- Euthyphro dilemma
- The dilemma explored in Plato's dialogue Euthyphro . Are pious things pious because the gods love them, or do the gods love them because they are pious? The dilemma poses the question of whether value can be conceived as the upshot of the choice of any mind, even a divine one. On the first option the choice of the gods creates goodness and value. Even if this is intelligible it seems to make it impossible to praise the gods, for it is then vacuously true that they choose the good. On the second option we have to understand a source of value lying behind or beyond the will even of the gods, and by which they can be evaluated. The elegant solution of Aquinas is that the standard is formed by God's nature, and is therefore distinct from his will, but not distinct from him. The dilemma arises whatever the source of authority is supposed to be. Do we care about the good because it is good, or do we just call good those things that we care about? It also generalizes to affect our understanding of the authority of other things: mathematics, or necessary truth, for example. Are truths necessary because we deem them to be so, or do we deem them to be so because they are necessary?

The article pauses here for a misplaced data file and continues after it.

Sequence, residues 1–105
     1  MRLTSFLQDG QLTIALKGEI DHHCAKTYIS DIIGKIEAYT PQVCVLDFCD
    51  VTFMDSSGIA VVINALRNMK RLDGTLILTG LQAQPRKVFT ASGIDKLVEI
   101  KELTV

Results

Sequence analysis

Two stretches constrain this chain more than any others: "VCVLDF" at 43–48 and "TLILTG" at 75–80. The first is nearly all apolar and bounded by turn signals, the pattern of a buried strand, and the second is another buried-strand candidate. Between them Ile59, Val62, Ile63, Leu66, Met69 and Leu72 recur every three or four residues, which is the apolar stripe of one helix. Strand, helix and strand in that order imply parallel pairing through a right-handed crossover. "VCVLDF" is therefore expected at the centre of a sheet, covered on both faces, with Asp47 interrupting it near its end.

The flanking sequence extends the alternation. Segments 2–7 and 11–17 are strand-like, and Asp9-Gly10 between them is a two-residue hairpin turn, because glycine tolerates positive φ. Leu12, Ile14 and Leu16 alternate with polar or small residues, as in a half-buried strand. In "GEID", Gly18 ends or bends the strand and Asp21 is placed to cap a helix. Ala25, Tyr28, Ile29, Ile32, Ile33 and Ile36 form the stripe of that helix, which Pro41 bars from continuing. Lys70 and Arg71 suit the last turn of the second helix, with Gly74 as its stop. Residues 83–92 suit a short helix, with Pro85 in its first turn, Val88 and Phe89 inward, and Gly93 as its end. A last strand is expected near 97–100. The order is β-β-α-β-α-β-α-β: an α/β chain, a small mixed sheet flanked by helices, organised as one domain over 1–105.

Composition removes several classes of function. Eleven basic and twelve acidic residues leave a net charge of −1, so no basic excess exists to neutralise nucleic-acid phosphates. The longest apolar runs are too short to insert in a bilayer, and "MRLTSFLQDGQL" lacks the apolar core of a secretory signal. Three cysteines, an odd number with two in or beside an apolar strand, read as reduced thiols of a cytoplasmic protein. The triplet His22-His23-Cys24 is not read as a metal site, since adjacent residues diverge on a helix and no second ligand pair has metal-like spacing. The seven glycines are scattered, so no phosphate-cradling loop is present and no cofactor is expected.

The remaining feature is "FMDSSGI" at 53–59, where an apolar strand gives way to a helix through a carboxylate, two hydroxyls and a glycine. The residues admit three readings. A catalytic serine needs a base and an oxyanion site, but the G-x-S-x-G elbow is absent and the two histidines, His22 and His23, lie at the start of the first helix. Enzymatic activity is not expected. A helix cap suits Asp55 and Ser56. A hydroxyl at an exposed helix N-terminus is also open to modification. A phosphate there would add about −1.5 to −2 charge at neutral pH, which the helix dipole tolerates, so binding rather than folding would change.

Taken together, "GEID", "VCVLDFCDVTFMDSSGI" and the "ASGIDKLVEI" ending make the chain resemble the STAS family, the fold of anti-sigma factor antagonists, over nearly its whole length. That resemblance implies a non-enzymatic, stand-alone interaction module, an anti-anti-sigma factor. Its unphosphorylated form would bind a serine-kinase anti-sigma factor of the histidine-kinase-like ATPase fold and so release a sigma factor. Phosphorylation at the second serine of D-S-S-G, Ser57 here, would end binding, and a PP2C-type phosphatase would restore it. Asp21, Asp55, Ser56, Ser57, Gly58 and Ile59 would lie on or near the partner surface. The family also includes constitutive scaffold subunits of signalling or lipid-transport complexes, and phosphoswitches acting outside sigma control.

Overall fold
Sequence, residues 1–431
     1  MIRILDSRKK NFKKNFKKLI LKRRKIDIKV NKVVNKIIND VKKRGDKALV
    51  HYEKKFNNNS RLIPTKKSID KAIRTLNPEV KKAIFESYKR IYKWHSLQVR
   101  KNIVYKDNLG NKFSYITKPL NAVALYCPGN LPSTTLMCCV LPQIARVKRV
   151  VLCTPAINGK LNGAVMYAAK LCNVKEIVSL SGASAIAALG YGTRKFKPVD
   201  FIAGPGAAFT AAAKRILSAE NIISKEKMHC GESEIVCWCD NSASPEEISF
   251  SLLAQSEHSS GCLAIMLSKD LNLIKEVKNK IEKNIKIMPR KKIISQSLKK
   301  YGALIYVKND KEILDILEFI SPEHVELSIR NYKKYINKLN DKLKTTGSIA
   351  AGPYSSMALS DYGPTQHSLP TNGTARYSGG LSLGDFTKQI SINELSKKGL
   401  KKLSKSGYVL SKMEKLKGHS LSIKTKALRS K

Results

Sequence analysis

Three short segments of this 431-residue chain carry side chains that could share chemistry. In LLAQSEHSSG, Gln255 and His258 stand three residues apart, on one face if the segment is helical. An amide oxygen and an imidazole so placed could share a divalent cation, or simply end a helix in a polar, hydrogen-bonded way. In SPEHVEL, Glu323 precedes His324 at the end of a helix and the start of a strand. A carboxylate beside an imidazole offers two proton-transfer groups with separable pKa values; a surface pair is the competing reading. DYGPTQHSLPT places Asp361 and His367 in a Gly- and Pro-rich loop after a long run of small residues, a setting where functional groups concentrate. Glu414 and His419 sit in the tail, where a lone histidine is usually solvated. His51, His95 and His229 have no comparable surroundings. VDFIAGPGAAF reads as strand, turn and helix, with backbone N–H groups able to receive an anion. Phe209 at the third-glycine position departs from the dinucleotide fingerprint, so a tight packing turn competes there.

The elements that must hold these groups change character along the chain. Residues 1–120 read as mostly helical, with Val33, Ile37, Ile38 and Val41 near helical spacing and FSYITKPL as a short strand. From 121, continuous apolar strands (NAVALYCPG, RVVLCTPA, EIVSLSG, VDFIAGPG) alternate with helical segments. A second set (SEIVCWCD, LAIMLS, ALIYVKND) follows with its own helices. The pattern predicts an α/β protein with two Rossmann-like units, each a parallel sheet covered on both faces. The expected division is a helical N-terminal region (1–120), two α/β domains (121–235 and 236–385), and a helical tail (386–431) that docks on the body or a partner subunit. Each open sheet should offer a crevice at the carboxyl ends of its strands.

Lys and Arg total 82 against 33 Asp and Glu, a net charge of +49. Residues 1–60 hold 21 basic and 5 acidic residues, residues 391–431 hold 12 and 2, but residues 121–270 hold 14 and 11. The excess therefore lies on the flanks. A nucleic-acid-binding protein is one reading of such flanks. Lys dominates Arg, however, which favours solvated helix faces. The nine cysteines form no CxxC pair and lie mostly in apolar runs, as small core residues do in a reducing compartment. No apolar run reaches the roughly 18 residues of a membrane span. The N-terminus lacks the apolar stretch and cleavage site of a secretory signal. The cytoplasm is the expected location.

Philosophy dictionary. Academic. 2011.